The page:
Now You Can Try ‘Teleporting’ Bitcoin for Greater Privacy With CoinSwaps

The alpha release of Teleport implements the CoinSwap privacy technique in an effort to improve bitcoin privacy by making transactions “invisible.”Read MoreFeedzy

Developers have long been working on making Bitcoin more private because every bitcoin (BTC) transaction ever sent is stored in the blockchain, which anyone can see. Last week, Bitcoin privacy programmer Chris Belcher released an alpha version of Teleport, an implementation of privacy technique “CoinSwap,” in an effort to improve bitcoin privacy by making transactions “invisible.”

The first version of the open-source project is not ready for real funds because it needs more testing, Belcher said in the announcement on the Bitcoin developer email list. It’s also missing the key features needed to fully make transactions invisible. But the release shows CoinSwap, a long-standing idea – first described by cryptographer Gregory Maxwell on the Bitcointalk forum in 2013 – finally coming to life.

Belcher believes Teleport’s CoinSwap has advantages over CoinJoins, the main privacy-preserving mechanism used today by projects Wasabi, Samourai and JoinMarket. “Imagine a new privacy tech for bitcoin, like CoinJoin, but can’t be blocked [because] the [transactions] look exactly the same as regular [transactions],” Belcher wrote on Twitter.

Today, privacy-conscious users take advantage of the wallets Wasabi and Samourai to execute CoinJoins, which scramble a user’s bitcoin with many other users’ bitcoins, obscuring the coins’ tracks.

The problem is that even if CoinJoins obscure where a user’s bitcoin is sent, fooling blockchain surveillers, it’s still obvious from a glance at the bitcoin blockchain that a CoinJoin has taken place.

If done the right way, CoinSwap transactions, on the other hand, can’t be detected on the blockchain. They look just like normal transactions.

“Imagine a future where a user, Alice, has bitcoins and wants to send them with maximal privacy, so she creates a special kind of transaction. For anyone looking at the blockchain her transaction appears completely normal with her coins seemingly going from address A to address B. But in reality her coins end up in address Z, which is entirely unconnected to either A or B,” Belcher writes. In a sense, the transaction is being “teleported” elsewhere, hence the project’s name “Teleport.”

Even users who don’t use CoinSwap can benefit from it.

“If even a small percentage of transactions were actually created by this software, anybody doing analysis on the blockchain would always have a niggle in the back of their mind: ‘What if this transaction I’m looking at was actually a CoinSwap? How would I know? What if these coins have actually disappeared into the mist?”” Belcher writes.

“The doubt and uncertainty added to every transaction would greatly boost the fungibility of bitcoin and so make it a better form of money,” Belcher added.

“Fungibility” is an important property of money, meaning that each unit can be exchanged for any other unit for exactly the same value. We take for granted that a dollar is worth just as much as any other dollar, for instance. Privacy is crucial to preserving fungibility because without it some bitcoins can become “tainted” if they are used as part of criminal activity, for example. Then, there’s a possibility that an unwitting, non-criminal user receives the tainted coins, only to discover they are harder to trade (and therefore worth less) because of their historical association with a criminal or sanctioned event.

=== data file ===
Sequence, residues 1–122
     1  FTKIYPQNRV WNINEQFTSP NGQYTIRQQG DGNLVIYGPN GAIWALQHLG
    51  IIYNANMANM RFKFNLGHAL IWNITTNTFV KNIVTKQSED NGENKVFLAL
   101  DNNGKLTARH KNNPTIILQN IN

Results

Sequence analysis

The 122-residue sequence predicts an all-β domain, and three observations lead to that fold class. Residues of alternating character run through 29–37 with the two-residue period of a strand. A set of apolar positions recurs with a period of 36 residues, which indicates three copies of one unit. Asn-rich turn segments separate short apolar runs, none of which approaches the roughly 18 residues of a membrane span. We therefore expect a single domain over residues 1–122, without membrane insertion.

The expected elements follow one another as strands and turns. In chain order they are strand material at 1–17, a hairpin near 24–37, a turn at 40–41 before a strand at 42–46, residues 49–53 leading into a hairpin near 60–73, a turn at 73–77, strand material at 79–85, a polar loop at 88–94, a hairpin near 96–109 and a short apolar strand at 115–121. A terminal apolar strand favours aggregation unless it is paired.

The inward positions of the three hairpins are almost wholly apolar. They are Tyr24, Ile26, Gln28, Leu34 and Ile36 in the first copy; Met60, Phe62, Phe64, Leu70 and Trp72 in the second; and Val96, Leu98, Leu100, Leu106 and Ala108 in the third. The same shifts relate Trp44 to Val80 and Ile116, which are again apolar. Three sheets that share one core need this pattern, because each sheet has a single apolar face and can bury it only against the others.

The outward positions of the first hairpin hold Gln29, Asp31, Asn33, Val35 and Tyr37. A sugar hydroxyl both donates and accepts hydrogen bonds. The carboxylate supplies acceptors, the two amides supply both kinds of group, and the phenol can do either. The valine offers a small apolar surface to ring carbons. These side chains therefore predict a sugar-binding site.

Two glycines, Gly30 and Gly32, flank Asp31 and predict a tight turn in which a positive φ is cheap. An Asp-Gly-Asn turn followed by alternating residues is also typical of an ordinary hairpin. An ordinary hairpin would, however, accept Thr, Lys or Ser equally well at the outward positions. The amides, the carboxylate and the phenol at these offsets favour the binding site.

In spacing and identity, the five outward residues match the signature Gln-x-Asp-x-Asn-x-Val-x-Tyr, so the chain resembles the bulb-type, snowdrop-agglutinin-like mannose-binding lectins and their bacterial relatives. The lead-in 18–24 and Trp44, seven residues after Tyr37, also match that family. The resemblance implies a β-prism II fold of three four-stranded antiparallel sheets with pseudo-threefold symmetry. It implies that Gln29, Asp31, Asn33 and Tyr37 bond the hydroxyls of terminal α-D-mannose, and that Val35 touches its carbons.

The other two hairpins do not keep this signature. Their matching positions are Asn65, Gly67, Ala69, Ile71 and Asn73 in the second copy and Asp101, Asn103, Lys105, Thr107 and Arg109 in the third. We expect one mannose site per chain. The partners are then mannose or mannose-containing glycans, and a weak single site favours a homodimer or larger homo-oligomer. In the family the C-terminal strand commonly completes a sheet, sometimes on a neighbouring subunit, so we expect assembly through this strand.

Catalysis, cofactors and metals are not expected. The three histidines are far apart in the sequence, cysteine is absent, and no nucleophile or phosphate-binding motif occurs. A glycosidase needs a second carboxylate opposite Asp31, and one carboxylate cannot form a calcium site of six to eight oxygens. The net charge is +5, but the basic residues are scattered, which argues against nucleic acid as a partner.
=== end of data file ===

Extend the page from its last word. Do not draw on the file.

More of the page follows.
While it’s now possible to execute CoinSwaps using Teleport, the software doesn’t make the CoinSwap transactions look like normal transactions just yet.

That’s the next “really big task” on Belcher’s to-do list. The cryptographic technique ECDSA-2P can be used to make these transactions look like normal “single-sig” addresses, which are “overwhelmingly common out there and so provide an enormous anonymity set,” he writes.

When it comes to Taproot implementation, however, Teleport will have to wait. The Taproot upgrade to Bitcoin, which happened in November 2021, adds Schnorr signatures as an option beyond ECDSA signatures, which are how most transactions are signed today.

While Schnorr signatures can do the same thing as ECDSA-2P in an easier way, Belcher argues that Schnorr isn’t suitable for CoinSwap. “This is because the anonymity set for ECDSA would be much greater. All addresses today are ECDSA and none are Schnorr,” Belcher explained when he originally announced the project in 2020. As such, Belcher suggested it might take years before there would be enough of a dataset to make the use of Schnorr in CoinSwaps practicable. But Bitcoin users need privacy much sooner than that.

This alpha release isn’t ready for prime time, but developers are invited to test the open-source software if they want to help battle-test it, by using dummy coins on the test and signet networks. “It is possible to run it on mainnet, but only the brave will attempt that, and only with small amounts,” Belcher writes.

Longer term, when the project is ready for real funds, he hopes users and wallets will take advantage of the improved privacy it provides.

“My aim is that the Teleport project will develop into a practical and secure project on the bitcoin mainnet, usable either standalone as a kind of bitcoin mixing app, or as a library that existing wallets will implement allowing their users with the touch of a button to send bitcoin CoinSwap transactions with much greater privacy than was possible before,” he said.


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